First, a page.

What happened

Online sports gambling specialist DraftKings (DKNG -6.08%) was a good bet for investors on Tuesday. In midafternoon trading, the company's stock was up by nearly 6% on the back of a deal it announced that morning.

So what

DraftKings' arrangement is with a privately held company called Simplebet, a specialty tech company that facilitates micro-betting -- i.e., wagers on individual plays within a sporting event.

Person stands in stadium while holding a fistftul of cash.

Image source: Getty Images.

Under the terms of the deal, Simplebet's products will be offered to DraftKings customers for Major League Baseball, National Football League, and National Basketball Association games, plus a myriad of college football contests. 

In its press release trumpeting the deal, DraftKings quoted its president of global product and technology, Paul Liberman, as saying, "We’re excited to be working with Simplebet to change the in-game betting experience for our customers and, together, changing the way sports fans engage with their favorite sports."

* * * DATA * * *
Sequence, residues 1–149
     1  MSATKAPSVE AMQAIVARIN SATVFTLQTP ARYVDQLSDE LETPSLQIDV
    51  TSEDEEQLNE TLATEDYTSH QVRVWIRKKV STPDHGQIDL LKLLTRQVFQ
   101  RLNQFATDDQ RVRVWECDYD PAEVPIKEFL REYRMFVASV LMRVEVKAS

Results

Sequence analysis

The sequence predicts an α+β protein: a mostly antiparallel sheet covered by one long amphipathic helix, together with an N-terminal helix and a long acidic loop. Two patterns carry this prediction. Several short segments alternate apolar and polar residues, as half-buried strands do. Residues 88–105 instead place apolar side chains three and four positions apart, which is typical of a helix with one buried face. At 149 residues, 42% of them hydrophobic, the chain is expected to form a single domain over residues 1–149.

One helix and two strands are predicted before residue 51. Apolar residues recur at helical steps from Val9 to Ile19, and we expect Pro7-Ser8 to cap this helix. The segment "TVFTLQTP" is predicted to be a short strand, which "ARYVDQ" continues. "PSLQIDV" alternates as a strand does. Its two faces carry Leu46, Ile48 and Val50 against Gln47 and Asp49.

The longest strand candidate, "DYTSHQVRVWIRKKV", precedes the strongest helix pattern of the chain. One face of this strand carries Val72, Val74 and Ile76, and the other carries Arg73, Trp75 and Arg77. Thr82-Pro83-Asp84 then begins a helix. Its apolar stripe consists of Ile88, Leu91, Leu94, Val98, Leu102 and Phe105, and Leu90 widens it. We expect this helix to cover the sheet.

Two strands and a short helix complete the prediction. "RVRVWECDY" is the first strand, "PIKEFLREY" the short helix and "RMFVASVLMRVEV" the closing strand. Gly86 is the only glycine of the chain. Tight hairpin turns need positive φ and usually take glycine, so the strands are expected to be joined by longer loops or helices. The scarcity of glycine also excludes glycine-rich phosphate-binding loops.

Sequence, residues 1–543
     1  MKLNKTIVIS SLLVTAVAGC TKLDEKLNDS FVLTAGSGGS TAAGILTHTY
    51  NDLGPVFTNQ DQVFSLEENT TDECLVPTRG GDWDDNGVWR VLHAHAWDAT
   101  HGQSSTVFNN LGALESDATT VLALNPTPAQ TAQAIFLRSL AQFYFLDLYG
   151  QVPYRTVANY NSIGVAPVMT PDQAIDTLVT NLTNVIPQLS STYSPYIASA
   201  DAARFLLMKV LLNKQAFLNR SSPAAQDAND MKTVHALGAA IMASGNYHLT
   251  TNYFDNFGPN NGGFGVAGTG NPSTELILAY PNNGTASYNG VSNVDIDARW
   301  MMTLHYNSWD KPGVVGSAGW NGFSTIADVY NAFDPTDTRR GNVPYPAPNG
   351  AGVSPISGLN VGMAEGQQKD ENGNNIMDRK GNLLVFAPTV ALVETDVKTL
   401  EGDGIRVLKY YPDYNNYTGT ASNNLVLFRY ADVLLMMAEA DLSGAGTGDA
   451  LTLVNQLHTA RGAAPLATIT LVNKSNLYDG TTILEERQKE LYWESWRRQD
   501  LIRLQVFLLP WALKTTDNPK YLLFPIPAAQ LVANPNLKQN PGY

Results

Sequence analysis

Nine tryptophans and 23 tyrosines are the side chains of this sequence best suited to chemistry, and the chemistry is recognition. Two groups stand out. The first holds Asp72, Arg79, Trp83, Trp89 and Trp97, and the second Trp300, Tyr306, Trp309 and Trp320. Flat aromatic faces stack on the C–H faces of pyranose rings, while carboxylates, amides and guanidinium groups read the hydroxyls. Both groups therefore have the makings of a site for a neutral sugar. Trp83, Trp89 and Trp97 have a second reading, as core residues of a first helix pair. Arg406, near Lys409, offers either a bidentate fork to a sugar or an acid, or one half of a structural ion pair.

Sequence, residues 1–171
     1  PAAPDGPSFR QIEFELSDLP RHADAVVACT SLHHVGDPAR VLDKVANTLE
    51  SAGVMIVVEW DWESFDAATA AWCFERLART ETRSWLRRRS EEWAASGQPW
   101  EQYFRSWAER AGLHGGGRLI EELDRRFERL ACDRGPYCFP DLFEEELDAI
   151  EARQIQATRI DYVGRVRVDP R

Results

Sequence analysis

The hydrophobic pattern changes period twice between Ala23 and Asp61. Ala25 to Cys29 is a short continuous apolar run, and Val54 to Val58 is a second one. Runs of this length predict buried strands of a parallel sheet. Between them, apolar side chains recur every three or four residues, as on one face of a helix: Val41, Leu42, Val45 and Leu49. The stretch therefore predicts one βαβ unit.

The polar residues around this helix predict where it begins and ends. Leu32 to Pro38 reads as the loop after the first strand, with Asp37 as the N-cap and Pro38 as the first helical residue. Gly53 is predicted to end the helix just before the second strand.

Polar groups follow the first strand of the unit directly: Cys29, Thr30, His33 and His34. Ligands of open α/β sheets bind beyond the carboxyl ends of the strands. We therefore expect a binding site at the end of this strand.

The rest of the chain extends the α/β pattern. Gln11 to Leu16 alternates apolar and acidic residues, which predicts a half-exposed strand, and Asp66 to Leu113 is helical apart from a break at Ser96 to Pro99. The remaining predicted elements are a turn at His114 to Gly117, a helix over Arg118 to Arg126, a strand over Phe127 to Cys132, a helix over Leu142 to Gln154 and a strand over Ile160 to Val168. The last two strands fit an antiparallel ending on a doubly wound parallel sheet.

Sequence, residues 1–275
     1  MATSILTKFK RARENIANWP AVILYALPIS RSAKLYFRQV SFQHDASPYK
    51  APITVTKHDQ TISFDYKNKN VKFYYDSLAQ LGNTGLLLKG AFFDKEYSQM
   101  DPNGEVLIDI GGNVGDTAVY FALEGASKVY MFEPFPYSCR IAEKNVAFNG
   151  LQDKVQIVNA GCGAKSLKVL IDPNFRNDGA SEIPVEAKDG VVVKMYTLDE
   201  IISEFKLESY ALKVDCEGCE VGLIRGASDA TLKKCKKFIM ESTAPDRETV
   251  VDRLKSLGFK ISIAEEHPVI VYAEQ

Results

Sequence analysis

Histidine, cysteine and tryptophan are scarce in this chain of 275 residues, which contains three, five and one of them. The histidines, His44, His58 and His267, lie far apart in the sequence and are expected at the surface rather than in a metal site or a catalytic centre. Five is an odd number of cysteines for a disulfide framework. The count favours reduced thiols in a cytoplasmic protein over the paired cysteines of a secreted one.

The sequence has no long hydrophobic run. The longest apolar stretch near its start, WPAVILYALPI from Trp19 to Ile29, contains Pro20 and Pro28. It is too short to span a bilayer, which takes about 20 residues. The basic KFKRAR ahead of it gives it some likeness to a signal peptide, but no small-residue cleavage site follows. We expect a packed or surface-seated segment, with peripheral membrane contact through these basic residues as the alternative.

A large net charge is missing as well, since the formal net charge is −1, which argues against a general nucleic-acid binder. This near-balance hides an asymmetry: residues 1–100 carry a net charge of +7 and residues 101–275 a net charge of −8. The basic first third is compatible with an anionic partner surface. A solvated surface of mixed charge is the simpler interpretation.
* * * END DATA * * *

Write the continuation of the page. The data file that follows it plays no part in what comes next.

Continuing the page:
DraftKings did not provide any details as to the financial particulars of the arrangement.

Now what

Assuming the terms of the deal are more or less reasonable, it feels like an obvious win-win for both DraftKings and the up-and-coming Simplebet. It deepens the former company's offerings and makes them "stickier" to the die-hard sports gambler willing to bet on a particular at-bat or field goal attempt. 

That said, we should bear in mind that while DraftKings has come a long way as a company, it still has quite a few challenges to surmount. A major one is its consistent lack of profitability; no matter how many sweet deals it might sign, investors will expect bottom-line surpluses sooner rather than later.